According to NACTO's figures on person throughput, North Avenue today can move 6,000 people per hour. The TIGER grant as designed may improve this to 11,200 people per hour. Our fix can move 34,100 people per hour.

The Fix

The fix is easy, it just costs more money. Based on costs of other dedicated alignment bus corridors, an additional $20-30 million could elevate North Avenue from the flawed project outlined above to a truly transformative corridor.

Wider Section of North Ave

The wider section of North Avenue that has the highest bus volume could have a center-running, separated busway. This would allow for curbside protected bike lanes, parking, and a single travel lane for personal automobiles.

North Avenue wide segment at a bus stop, with center running transit way, protected bike lanes, and parking.

North Avenue wide segment at a bus stop, with center running transit way, protected bike lanes, and parking.

Narrower Sections of North Ave

If we removed on-street parking on one side of the street in the narrower sections, areas furthest east and west on North Avenue, we could continue the center-running, separated transit lane by making it bi-directional. Bus frequency is low enough along this segment that oncoming buses would rarely encounter each other, but if they did, they could merge into the regular car travel lane to pass each other.  This design is being used in Indianapolis with the IndyGo Red Line Bus Rapid Transit project, which has similar bus timing to these parts of North Avenue.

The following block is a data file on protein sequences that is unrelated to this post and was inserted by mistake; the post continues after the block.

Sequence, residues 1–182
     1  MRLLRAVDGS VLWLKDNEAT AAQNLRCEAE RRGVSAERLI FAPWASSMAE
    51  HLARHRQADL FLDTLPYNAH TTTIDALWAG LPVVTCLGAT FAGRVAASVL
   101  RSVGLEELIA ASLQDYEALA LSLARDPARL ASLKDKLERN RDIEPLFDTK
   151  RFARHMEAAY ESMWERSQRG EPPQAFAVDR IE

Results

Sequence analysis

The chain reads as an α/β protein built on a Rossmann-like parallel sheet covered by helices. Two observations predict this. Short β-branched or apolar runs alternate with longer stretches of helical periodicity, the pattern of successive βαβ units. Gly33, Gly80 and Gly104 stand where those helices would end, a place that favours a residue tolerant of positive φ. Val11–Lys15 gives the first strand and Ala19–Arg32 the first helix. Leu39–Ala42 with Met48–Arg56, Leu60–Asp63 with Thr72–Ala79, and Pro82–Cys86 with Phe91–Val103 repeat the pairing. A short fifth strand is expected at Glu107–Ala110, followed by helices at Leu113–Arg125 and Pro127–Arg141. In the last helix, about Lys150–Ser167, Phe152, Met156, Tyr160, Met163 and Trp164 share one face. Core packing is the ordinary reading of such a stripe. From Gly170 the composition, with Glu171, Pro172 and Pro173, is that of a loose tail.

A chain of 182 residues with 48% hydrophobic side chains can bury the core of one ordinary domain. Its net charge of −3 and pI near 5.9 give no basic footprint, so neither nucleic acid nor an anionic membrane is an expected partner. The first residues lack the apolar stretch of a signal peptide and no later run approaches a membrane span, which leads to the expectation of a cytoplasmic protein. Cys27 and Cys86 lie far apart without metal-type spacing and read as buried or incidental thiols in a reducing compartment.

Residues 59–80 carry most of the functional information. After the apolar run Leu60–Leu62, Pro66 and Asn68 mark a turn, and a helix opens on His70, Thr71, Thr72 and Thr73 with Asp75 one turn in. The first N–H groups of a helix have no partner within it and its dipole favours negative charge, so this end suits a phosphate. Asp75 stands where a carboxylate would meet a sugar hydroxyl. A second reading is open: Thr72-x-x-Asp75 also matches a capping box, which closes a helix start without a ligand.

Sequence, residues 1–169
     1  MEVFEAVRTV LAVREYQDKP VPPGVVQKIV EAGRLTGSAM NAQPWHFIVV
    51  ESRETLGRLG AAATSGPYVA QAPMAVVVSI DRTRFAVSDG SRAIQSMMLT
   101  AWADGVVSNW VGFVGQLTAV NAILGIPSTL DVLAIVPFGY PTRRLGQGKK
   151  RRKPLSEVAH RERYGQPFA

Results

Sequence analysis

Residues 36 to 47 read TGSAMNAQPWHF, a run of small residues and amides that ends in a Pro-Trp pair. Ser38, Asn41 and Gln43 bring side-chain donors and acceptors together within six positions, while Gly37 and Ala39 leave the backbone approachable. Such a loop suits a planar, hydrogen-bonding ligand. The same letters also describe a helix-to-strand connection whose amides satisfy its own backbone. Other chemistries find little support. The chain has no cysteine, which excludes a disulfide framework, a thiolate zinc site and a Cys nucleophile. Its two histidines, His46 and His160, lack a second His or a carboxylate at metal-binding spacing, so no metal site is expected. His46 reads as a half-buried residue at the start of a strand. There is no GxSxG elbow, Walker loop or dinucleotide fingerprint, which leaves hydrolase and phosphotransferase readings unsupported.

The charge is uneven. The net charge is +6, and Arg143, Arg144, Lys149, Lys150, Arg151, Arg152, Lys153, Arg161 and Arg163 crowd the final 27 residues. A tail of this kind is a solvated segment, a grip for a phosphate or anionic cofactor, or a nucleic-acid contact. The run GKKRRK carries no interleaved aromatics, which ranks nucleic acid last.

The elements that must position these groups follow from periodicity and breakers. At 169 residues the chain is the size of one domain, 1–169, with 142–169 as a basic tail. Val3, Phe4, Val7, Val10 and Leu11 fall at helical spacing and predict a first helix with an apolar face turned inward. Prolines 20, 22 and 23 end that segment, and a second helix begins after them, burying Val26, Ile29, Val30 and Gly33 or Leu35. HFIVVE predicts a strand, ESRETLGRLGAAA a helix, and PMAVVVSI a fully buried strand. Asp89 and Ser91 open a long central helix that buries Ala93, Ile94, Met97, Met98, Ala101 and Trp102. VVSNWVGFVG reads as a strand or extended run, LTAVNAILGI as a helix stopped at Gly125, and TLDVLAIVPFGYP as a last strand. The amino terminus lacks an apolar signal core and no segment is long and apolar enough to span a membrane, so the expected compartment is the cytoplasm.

North Avenue narrow segment, where buses share a bi-directional lane and pass each other in the regular travel lane. Parking is restricted on one side of the street to allow for the bus lane and protected bike lanes.

North Avenue narrow segment, where buses share a bi-directional lane and pass each other in the regular travel lane. Parking is restricted on one side of the street to allow for the bus lane and protected bike lanes.

North Avenue narrow segment at a bus stop. Parking is further restricted to make width for the bus stop and allow for protected bike lanes.